The only way I can make sense out of this statement is that they were flying a modified search pattern with longer legs parallel to the LOP and shorter legs perpendicular to it. Earhart might say that she was flying north and south "on the LOP" when on one of these long parallel legs.

gl
« Last Edit: January 13, 2012, 03:08:21 AM by Gary LaPook »
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Gary LaPook

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Re: The flight plan, magnetic course, headwinds.
« Reply #208 on: January 10, 2012, 11:57:40 PM »


I can agree that if true it would support that NR16020 should have been above most clouds.  But that's also a fairly stout altitude for cruising hours on end, especially at night - the concern would be with crew physiology. 

Had AE and FN good reasons (like perhaps to obtain celestial shots) they might well have done so (and if they said they did, I'd agree they must have).  It just seems odd that they would do that for any extended period of time, so I too would like to know the source of the "12,000 ft" reference for the flight that night.  It would also be useful to understand for how long they may have been at that altitude, if it can be known.

Here are a couple of useful links about flying at atitude -

"The 91 Percent Solution"

"Oxygen Issues for General Aviation Pilots..."

LTM -
And current regulations require that the pilot use oxygen anytime the cabin altitude is above 14,000 feet and also after 30 minutes above 12,500 feet. You must make oxygen available to the passengers above 15,000 feet. I remember deadheading in an empty plane and I took it up to 17,500 feet without oxygen. It was a Sunday and I was reading the Sunday comics section of the newspaper, and boy were they hilarious!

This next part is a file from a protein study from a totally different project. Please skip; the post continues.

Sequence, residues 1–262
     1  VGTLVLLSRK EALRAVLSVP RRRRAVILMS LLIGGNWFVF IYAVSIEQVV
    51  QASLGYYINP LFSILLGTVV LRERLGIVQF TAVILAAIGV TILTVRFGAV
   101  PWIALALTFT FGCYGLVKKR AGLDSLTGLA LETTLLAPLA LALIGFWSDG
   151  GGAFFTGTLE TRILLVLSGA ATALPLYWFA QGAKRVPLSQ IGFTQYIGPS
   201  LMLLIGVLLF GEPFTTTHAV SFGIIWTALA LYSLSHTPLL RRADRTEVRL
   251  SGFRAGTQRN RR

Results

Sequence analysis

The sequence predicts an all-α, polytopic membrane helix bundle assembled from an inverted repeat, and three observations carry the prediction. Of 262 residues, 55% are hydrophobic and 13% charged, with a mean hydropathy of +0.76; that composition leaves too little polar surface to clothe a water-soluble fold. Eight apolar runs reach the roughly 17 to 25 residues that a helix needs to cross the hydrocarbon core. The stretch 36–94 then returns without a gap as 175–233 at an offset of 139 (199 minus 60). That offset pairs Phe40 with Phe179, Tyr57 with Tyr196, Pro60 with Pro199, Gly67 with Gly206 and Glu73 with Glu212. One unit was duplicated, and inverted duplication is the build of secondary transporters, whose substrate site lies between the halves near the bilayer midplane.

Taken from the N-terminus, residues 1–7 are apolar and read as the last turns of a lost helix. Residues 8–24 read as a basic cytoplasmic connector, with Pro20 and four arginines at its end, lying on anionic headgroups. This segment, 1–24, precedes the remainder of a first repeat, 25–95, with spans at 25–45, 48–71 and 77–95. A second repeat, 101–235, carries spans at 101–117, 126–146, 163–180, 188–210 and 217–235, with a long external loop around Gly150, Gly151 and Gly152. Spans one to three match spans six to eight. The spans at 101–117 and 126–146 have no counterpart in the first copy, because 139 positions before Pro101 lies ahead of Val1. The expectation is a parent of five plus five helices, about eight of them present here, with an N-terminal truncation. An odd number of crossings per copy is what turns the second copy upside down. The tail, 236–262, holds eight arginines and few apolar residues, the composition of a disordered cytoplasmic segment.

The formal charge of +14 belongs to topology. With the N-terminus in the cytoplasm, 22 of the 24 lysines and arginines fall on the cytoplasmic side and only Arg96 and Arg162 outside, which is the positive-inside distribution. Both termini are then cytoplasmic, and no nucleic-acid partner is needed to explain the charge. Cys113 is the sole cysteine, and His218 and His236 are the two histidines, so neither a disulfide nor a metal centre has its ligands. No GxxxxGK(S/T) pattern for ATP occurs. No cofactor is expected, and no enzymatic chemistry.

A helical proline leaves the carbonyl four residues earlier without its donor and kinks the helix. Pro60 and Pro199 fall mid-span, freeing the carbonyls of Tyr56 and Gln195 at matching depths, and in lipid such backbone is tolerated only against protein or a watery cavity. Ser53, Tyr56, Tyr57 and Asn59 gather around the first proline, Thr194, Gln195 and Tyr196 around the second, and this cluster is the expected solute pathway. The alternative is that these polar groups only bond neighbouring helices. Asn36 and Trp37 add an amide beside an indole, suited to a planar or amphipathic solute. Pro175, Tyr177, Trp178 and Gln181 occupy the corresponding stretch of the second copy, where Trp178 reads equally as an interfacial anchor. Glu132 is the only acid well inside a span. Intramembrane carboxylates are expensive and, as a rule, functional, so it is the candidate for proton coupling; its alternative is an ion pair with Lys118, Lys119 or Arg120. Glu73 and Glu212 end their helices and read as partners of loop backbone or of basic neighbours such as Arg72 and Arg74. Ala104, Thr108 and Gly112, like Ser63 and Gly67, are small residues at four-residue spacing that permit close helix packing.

When I was preparing to parachute from 30,000 feet I went to Wright-Patterson AFB and rode their altitude chamber up to 35,000 feet where we took our masks off and tried to do various math problems on a piece of paper and the results were also quite funny. The best part of the ride was the explosive decompression demonstration. They brought the small section of the chamber down to 8,000 feet and then took the large section up to 40,000 then they popped the connecting door open and we were instantly at 30,000 feet. The chamber fills instantly with fog because the moisture condenses out with the sudden reduction in pressure and everybody "out-gasses." Then you put your mask on before you pass out. Lots of fun.

You can buy an oxygen monitor that clamps on your finger at your local drug store for about fifty bucks, or here.

gl
« Last Edit: January 11, 2012, 12:41:11 AM by Gary LaPook »
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Gary LaPook

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Re: The flight plan, magnetic course, headwinds.
« Reply #209 on: January 11, 2012, 01:52:41 AM »

Well, not so fast.

All of my research confirms that there was no telephone service, either by undersea cable or by radiotelephone, from Lae to the outside world in 1937. Even local radio telephone service in New Guinea did not come on line until 1939.

What is the source of the image?



Purdue.

gl